Since the deadly explosions in Beirut on Tuesday, many countries have sent humanitarian aid. While some hope that the international community will show flexibility, others call for the granting of this aid to be conditional on a political class judged to be harmed.
Over three billion dollars in damage and about 300,000 homeless. This is the first assessment of the “apocalyptic” explosions that hit the port of Beirut on Tuesday, July 4. If international support is there, the catastrophe at the worst time for Lebanon will come in the wake of a severe economic crisis with a collapse of the currency, record inflation and a growing wave of protests against power squarely. What role will international humanitarian aid play in this complex national context?
Several days after the explosion, the first aid team is still working to find some survivors. Several countries have sent teams there, such as France, which has deployed 55 rescuers who specialize in rescue and clearing. Qatari, Russian and Dutch personnel were also mobilized.
“The goal is to identify as many victims as possible, take them out and heal them,” said Commander Jean-Paul Bosland, Deputy Secretary-General of the National Federation of National Fire Chiefs, France 24. “We use dogs, very efficient and fast to find We then have to drill concrete slabs to gain access to people and carry out an initial medical check-up before organizing excursions. “
The coordination of foreign rescuers is done through the UN agency Insarag, which monitors the law and assigns the search for the various debris.
“The great difficulty with this type of explosion is that it leaves thousands wounded in three seconds. We therefore have to mobilize very, very quickly, hence the importance of international support intervening beyond local operations,” said Commander Jean-Paul Bosland. “This type of operation is an absolute emergency, but it lasts only about ten days and therefore constitutes only a very small part of the international support. At the same time, the health care structures and the care of the victims are set up, which in turn are spread over time, he concludes.
Emergency medical assistance
While tolls continue to rise, the city’s medical services, overwhelmed, rely heavily on humanitarian aid from abroad.
“We received a first wave of patients, injured by the shock of the explosion, some affected by objects, then a wave of more serious cases, some of which died,” explains Firass Abiad, head of Rafik University Hospital. Hariri, on the outskirts of Beirut, interviewed France 24. “As three hospitals are out of operation due to the explosion, we also had to accommodate many evacuated patients. We rely heavily on international support because our funds are limited.”
Several countries such as Qatar, Kuwait and Jordan have announced the deployment of field hospitals to compensate for the shortage of beds. In the context of an economic crisis that caused significant wage cuts, healthcare workers had to deal with the wave of Covid-19, which resulted in imprisonment for more than three months in Lebanon. The port explosion is likely to come at the worst time for Lebanese medical personnel.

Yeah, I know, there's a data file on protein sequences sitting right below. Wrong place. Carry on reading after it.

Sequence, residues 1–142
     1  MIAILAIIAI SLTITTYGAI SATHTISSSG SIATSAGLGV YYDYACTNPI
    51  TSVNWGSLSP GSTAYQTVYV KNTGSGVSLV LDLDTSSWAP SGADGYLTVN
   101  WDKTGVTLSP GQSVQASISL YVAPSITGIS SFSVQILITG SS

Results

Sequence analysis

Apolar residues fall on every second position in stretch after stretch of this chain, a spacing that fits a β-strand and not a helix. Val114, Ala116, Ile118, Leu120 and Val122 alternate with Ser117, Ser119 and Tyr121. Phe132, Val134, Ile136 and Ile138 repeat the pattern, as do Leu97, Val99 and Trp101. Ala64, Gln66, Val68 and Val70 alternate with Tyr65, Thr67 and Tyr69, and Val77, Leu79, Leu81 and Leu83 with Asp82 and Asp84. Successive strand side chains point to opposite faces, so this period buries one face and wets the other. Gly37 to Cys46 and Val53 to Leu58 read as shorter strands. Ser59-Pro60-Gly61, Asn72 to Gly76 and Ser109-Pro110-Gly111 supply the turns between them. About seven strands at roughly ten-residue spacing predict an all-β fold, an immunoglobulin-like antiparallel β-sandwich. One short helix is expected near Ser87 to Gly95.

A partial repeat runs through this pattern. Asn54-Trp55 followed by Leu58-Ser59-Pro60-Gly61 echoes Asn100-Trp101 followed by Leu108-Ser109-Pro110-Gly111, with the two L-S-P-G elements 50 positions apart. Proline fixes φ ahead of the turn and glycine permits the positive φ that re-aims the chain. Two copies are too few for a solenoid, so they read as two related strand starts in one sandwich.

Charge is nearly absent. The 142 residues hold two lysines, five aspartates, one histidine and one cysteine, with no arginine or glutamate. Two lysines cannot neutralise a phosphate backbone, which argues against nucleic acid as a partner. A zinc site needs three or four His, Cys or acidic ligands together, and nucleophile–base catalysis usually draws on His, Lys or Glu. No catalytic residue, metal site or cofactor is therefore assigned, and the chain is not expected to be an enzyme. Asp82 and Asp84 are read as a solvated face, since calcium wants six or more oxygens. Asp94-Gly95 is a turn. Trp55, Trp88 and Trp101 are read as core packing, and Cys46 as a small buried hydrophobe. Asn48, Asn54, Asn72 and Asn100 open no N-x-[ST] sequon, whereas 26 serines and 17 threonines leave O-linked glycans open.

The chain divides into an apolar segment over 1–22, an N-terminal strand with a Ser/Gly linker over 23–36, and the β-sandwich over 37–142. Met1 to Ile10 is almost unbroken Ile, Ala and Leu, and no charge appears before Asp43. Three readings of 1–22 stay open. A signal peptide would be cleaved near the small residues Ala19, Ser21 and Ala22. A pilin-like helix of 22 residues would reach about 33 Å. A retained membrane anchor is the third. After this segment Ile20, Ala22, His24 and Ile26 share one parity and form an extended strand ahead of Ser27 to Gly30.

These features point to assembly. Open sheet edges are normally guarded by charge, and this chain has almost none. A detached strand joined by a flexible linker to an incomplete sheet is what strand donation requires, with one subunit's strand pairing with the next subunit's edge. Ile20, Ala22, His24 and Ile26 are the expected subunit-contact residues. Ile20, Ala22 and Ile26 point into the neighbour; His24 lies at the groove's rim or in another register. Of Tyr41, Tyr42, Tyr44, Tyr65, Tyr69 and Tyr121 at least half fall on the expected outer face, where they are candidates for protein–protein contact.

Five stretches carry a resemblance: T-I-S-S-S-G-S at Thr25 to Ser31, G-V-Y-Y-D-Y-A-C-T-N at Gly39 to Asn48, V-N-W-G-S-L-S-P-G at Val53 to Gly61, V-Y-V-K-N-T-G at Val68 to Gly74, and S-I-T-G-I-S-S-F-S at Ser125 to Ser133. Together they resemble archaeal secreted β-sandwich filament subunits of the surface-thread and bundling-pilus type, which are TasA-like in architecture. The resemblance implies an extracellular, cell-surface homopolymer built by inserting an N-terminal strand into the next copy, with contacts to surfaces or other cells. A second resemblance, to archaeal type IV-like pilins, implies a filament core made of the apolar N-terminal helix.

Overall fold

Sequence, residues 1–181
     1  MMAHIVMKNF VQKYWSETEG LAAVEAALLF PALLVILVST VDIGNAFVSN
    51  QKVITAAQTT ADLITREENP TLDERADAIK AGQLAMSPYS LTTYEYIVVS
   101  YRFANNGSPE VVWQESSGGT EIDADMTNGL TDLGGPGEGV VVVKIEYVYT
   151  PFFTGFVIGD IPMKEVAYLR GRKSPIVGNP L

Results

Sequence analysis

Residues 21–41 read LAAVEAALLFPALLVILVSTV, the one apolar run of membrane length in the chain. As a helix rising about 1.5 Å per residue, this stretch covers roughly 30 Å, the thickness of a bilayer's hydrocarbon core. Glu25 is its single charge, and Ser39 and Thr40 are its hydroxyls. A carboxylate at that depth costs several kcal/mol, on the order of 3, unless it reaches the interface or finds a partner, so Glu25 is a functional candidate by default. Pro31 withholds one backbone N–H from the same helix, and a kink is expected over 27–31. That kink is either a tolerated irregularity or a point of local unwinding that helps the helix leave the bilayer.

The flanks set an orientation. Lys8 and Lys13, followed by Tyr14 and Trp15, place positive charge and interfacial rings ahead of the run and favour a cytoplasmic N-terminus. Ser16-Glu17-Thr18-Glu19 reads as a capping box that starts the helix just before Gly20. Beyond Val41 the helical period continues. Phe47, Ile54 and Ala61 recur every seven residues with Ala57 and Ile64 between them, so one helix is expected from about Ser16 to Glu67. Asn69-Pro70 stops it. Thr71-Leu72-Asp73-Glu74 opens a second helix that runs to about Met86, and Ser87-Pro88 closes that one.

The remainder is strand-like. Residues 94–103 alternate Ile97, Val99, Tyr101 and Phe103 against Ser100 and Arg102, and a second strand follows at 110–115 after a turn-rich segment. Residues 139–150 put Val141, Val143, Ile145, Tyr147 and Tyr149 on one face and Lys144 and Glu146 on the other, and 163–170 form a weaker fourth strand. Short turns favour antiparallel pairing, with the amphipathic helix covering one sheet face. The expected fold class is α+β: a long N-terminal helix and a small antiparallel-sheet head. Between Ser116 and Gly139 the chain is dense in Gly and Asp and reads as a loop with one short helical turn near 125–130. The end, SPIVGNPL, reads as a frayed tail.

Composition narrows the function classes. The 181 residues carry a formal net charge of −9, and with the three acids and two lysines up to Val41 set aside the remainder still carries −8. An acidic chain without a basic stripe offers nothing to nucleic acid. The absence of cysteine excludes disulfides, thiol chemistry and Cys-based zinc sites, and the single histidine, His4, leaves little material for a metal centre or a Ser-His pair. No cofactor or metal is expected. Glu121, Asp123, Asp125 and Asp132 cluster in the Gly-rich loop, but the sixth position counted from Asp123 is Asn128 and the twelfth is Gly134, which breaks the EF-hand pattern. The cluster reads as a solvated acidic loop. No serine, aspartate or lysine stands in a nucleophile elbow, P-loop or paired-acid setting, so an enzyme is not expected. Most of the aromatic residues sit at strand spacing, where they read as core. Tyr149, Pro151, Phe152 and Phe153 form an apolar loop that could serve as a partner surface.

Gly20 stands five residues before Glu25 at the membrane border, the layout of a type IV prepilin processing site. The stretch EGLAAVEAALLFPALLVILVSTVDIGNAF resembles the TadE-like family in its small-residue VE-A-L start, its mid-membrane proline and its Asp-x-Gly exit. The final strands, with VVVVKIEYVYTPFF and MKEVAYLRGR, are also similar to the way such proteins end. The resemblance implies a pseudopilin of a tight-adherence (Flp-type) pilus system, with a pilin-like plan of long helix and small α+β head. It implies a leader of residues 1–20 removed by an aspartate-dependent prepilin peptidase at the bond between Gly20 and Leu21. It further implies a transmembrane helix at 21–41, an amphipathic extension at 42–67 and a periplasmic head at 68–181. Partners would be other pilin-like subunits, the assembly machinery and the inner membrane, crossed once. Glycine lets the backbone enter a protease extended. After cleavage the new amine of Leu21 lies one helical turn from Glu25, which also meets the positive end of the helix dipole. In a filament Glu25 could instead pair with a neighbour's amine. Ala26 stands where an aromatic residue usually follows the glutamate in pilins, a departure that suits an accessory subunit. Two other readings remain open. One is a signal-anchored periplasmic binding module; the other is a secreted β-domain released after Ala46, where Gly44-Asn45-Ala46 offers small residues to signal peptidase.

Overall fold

“The country has experienced war and the staff has extensive experience in emergency medical care, to sort out priority wounded and work with them at the same time,” said Mego Terzian, president of Médecins sans Frontières, herself Lebanese, interviewed by France 24. “However, there is a risk that the deterioration of the health situation of the same staff due to lack of equipment, as well as of other patients, for example, suffering from chronic diseases.Their treatments may be interrupted in the event of drug destruction.At this level, international humanitarian aid must play a crucial role. “
While some food was already in short supply due to the economic crisis, the explosion in the port now sees the country being deprived of its main commercial hub, as well as several grain silos.
“We face a real risk of food shortages,” worries Maya Chams Ibrahimchah, founder of the Lebanese NGO Beit el Baraka, which specializes in food distribution, interviewed in France 24. “We grow only 10% of our seed needs, even “If we are a Mediterranean country, we no longer have access to our currencies due to the economic crisis and we can no longer import food. With this disaster, we risk ending up without flour or milk, which would have catastrophic consequences”.
A situation that has worsened since inflation of basic food products had already skyrocketed in Lebanon, reaching 109% between September and May, according to the United Nations World Food Program (WFP).
Financial support blocked
In April 2018, an agreement was reached with 40 states on a financial support plan to reduce the country’s debt. The aid was still blocked because the structural reforms requested at the time were never implemented.
“The explosion of the port will significantly emphasize the already existing shortage, and this is where the bulk of foreign humanitarian aid must be directed,” said Mego Terzian.
“Efforts have changed and the international community must show more flexibility today, as this is an exceptional situation. Foreign aid must focus on the short and medium term for the affected populations and cannot be made conditional on radical reforms.”
An opinion that Maya Chams Ibrahimchah does not share. She is concerned about seeing humanitarian aid diverted for political purposes and urges “friendly” countries to be vigilant: “The West, which is a donor of funds, must assume that the aid is granted. For thirty years, the population must not have seen the color”, she is indignant. “We must direct the funds to the international associations that monitor their use, no longer give the money to the corrupt government and hold them accountable.”